Last week in the Jewish world of Torah study we began reading the Book Shemot, called in English (or Greek, actually) “Exodus”. We know very well what is going to happen here: the Israelites, who moved to Egypt to escape a famine, have now found themselves enslaved in the service of constructing massive Pharaonic building projects. Everything started going south when a new King arose over Egypt who knew not Joseph. (Ex. 1.8)
How could Joseph, and all he did for Egypt’s survival, have been forgotten? And what does it mean to say that his name was no longer known?
Names are significant here; the Hebrew term for the book of Exodus is Shemot, “Names”; very simply, the book is identified by the topic addressed in the opening verses: These are the names of the sons of Israel who came to Egypt….(Ex.1.1).
Yet names are not incidental to the destiny of the Israelites, nor to their redemption, in this saga. A midrash asserts that The people of Israel were redeemed from Egypt for four reasons.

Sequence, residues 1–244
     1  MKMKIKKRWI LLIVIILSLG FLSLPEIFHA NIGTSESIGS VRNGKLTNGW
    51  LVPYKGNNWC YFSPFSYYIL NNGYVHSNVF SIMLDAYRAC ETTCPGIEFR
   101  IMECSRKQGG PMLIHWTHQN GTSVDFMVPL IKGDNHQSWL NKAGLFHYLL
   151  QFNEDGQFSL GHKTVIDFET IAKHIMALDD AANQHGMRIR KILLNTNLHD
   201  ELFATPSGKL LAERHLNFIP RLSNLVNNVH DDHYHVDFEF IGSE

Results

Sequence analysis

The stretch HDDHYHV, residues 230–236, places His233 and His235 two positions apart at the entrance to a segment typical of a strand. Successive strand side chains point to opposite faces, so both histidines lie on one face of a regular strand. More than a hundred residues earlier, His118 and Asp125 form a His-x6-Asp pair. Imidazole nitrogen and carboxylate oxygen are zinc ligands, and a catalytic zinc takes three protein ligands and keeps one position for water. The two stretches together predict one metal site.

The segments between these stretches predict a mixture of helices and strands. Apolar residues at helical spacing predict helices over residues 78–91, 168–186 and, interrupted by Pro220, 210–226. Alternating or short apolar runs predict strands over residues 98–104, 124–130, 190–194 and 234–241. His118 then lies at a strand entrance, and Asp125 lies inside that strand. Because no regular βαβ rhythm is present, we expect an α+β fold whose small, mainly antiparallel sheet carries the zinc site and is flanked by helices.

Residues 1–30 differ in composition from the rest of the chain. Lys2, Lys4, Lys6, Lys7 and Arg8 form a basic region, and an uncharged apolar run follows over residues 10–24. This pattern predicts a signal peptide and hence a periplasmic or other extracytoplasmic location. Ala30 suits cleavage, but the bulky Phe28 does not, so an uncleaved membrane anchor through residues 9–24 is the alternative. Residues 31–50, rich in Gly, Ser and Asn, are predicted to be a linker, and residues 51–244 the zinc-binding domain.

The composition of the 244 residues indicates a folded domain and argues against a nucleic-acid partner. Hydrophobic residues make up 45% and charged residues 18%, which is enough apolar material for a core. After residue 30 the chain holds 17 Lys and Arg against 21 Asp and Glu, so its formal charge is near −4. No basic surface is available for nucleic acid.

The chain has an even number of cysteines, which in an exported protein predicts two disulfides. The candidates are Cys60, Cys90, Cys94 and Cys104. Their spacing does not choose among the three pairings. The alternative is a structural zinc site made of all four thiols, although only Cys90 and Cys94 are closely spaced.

The first two reasons are that they did not change their Hebrew names while in Egypt and they did not change their language, but continued to speak in Hebrew (Lev. Rabbah 32:5).
To have a Hebrew name is to be part of the Jewish people in a formal way. When someone converts to Judaism, they are given a Hebrew name. All Jews are called to the Torah, and remembered in the grave-side prayer El Maleh Rahamim, by their Hebrew names.
Hebrew names carry much more than a few words of Hebrew (or Yiddish, or Ladino). For Jews, our Hebrew names are a way of communicating much more than the name; it hints at all that communicates, carries and guards Jewish identity.
The Israelites were redeemed from slavery, we are told, because they held on to their Hebrew names, and the memory of history, culture and identity evoked by names.
The real message of the Book we have just begun again for this year’s Torah cycle is that one can never be enslaved by the majority culture unless one lets go of the memory of one’s own name, and where it comes from, and how it was passed along. Jewish memory is the key to Jewish freedom – and freedom, in the Torah, means the freedom to struggle, to wander, and to confront what it takes to become a people.
What is your Hebrew name? what does it mean? what does it carry? how does it anchor your Jewish identity?